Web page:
I’m flattered to have been asked for advice by a few people that are new to, or aspiring to the Scrum Master role in my time.

I’d love to be able to provide a definitive checklist of tips and tricks but this is simply not practical. Every team has different needs and problems. The environment in which a team operates will differ. Every Scrum Master is different, we all have different backgrounds, experiences, ingrained culture, our own strengths and weaknesses. I dare say, if it was possible to provide a template for being a good Scrum Master that anybody could take and apply to their team and organisation, then people in the Agile community that are much smarter than me would already have done so.

Though I wouldn’t give a list of solid practices to be followed, I do believe that there are some overarching principles that are worth sharing.

1. Do whatever is needed to help the team achieve its goals. One of the jobs of the Scrum Master is to ‘remove impediments’. Another way of interpreting this could be ‘do whatever needs to be done to help the team achieve its goals’.

2. Understand that there is no template for success. What works for one team won’t necessarily work for another. It is worth spending time to get to know a team and the individuals in it and adapting your style as a Scrum Master accordingly rather than applying a set of practices. Work with the team to work out what works for them.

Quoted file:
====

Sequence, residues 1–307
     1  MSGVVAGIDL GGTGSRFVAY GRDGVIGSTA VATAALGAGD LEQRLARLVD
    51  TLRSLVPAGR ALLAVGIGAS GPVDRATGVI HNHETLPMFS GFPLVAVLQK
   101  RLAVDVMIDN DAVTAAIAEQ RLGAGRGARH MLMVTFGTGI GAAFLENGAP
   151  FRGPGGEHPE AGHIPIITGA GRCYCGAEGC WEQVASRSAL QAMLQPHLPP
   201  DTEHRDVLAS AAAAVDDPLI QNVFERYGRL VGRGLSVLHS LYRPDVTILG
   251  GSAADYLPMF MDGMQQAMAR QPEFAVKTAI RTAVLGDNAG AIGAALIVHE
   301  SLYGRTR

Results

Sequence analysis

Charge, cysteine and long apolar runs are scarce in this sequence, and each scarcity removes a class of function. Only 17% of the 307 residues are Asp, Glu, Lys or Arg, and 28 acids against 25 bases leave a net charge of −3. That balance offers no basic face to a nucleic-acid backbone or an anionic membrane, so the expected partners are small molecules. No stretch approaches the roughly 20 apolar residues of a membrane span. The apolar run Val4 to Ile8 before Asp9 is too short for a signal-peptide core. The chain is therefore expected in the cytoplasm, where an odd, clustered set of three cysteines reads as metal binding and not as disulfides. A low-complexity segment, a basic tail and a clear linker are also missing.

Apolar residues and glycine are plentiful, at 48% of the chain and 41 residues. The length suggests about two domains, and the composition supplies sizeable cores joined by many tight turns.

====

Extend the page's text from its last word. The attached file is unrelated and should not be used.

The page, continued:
3. Keep learning. Scrum and Agile continues to develop with new ideas coming into the field all of the time. Don’t just restrict this to Agile either; there is a much to learn from all sorts of leadership techniques that can support what we do as Scrum Masters.

4. Engage with the community. Just as teams working collaboratively evolve the best solutions, Scrum Masters that are able to discuss and share experiences can tap into knowledge and ideas from the wider community that can be called upon.

5. Don’t restrict your agility to Scrum. Though Scrum is the most widely used approach, most teams use at least some practices borrowed from Kanban, XP or others, many without realising it. Practices are designed to solve specific problems, and the more techniques we have knowledge of – and when and why to apply them – the more we have in our arsenal when confronted with different scenarios.

6. Critique everything. Everything we and our teams do should have a purpose. If something doesn’t make sense or doesn’t appear to add value, we should be asking why we are doing it. This applies to everything from requirements, the approach to solutions, practices used, and yes, advice given by other Scrum Masters.

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